Following the reasoning it adopted in denying a Certificate of Loss of Nationality to Alberto Lozada Colon (see accompanying article), the U.S. Department of State withdrew the Certificate of Loss of Nationality it had issued to Mari Bras. Because Mari Bras continued to reside in Puerto Rico, the U.S. government determined that Mari Bras had not intended to renounce his U.S. citizenship. Had Mari Bras truly renounced his U.S. citizenship, he would be required to obtain a visa or other travel authorization to visit Puerto Rico, just as anyone else would who is not a citizen of the U.S. Such a person would be subject to all the restrictions placed on aliens by the Immigration and Nationality Act, including a prohibition against working in Puerto Rico without the authorization of the Immigration and Naturalization Service.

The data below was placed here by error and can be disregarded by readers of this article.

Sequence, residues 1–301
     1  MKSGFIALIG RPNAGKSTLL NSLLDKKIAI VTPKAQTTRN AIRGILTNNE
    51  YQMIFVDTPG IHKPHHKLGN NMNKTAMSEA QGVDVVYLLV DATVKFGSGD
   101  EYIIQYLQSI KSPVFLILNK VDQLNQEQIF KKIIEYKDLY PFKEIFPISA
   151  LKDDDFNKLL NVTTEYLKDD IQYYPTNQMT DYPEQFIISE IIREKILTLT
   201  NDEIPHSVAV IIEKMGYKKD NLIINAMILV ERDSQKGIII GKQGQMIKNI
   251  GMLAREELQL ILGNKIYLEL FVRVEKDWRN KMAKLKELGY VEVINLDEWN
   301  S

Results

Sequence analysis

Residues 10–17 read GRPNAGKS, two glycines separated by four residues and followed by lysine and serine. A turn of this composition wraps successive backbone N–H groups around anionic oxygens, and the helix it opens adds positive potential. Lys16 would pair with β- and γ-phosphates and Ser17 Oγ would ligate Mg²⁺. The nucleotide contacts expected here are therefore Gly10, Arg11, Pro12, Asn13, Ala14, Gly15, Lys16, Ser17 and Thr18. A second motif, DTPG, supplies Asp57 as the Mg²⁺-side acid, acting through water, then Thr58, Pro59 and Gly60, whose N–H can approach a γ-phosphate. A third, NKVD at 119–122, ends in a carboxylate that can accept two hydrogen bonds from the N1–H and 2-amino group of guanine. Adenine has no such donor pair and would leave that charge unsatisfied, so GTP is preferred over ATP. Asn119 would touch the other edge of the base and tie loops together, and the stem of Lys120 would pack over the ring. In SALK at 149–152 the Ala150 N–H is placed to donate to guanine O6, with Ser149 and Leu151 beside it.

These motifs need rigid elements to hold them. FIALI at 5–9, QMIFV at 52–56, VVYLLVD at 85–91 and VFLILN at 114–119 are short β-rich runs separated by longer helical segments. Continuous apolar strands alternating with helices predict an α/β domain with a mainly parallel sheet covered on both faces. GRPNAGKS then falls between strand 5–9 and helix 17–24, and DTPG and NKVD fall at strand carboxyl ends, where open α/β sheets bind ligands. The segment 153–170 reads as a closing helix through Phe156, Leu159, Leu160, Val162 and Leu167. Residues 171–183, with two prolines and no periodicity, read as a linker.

It was clear that Mari Bras did not intend to comply with the law as it applies to non-U.S. nationals. He continued to live and work in Puerto Rico in a manner that is lawful only if he is a U.S. citizen. Accordingly, the Department of State found that he had not effectively renounced his U.S. citizenship, and Mari Bras remains a citizen of the U.S.